Transformers

If quality teaching is the transformation of content, then how do we achieve that? How do we change the shape of our content?

I suppose in many ways, the things we’re studying at here in COETAIL are helping us answer this question. Specifically, we’ve looked at how information has been changing and continues to change and transform how we interact with the world. Siemen’s theory of connectivism illustrates well how the world and education has evolved. Keeping this in mind, if we design meaningful learning experiences that help make the world a better place, perhaps, then we might transform our content.

But, how?

First, let’s look at tech integration , or as @jutecht puts it embedding tech

There are several theories and frameworks for using technology in education.

I like this one the best because it was inspired by Van Halen, and it’s easy to understand:

http://maganaeducation.com/disruptive-classroom-technologies/

In Sonny’s explanation of the framework he illustrates the different elements of each domain. He looks at his learning of playing guitar. Simply put, as a beginning guitarist, he was able to play tunes around a campfire. He was playing the “same old songs” (translational). Was he playing something new (transformational)? Or could create something completely his own (Like Van Halen) and reach the transcendental level?

With that, we look at teaching and technology.

To get to that transcendental level, we can go back and look at some of the things we’ve discussed here in COETAIL – students geeking out , student centered, flipped classroom, etc.

Using this T3 framework to explore my own experiences in teaching students, I, sadly, believe that I’ve never taken students even to the transformational level. There are a few reasons that I’ve failed to do this… Namely, I didn’t know what was I doing. Book reviews on a blog is hardly transformational. Was making a book review, using iMovie transformational? Maybe. Looking at T3 that would be considered Production.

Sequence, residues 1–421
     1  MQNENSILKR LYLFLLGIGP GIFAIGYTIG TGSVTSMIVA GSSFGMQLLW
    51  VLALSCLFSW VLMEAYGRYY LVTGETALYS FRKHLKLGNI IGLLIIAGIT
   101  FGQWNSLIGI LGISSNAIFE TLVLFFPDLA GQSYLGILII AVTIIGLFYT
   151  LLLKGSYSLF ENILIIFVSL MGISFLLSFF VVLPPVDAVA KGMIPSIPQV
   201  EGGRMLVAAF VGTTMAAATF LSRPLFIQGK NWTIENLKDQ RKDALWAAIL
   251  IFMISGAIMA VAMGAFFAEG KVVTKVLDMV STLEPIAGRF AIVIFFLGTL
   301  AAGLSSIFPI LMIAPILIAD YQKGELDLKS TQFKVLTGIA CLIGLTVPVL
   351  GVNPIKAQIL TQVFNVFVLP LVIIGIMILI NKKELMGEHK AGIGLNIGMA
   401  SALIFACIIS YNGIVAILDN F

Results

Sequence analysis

Regardless of my failure/inability to transform (Or even better transcend), I want to devise ways I will succeed in the future.

As I begin to think about leaving the library and going back into the classroom, I will keep these ideas at the forefront:

  1. Technology is not just a tool – it’s where we hang out, discuss, etc.
  2.  If I really want to engage students, I’ll need not be afraid of linking video games


 

3. Augmented Reality will help engage, if not transform learning experiences

4. No need to reinvent the wheel. Connect and learn with teachers who are already doing this.

Tech integration/embedding of technology can help us transform our content, even reaching transcendental levels. As we all know, though, using it to just use it means nothing. We’ve got to listen  and still bring our spirit. Transformation requires spirit… the tech can help.

 

 

 

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2 Responses to Transformers

  1. Ryan Harwood says:

    I have to admit the Van Halen link was what hooked me on the T3 Framework as well. From there it seems like a pretty solid plan for integration though. I look forward to continuing to explore its ins and outs in the future.

    Great, honest reflection on your own practice. Its the best way to grow!

    Reply
  2. Wow, the T3 framework webinar was amazingly informative and really got me thinking about my school – where we are in time and place. It is very thought provoking to look the positive impact technology has on education, if indeed it actually is a positive intervention. The impact of technology is .34…. something that hasn’t changed in the last 50 year!!! OMG – how can this be the case? Should we just give up now? Or should everyone in my school be doing course 4 of this COETAIL course and we can really start to reflect on how the tools we are using in our classrooms and their impact of student engagement. Let’s hope that technology isn’t just a long standing novelty…

    Thank you for this BLOG – it has opened my mind to thinking about how we can use the Van Halen effect in our classrooms.

    Reply

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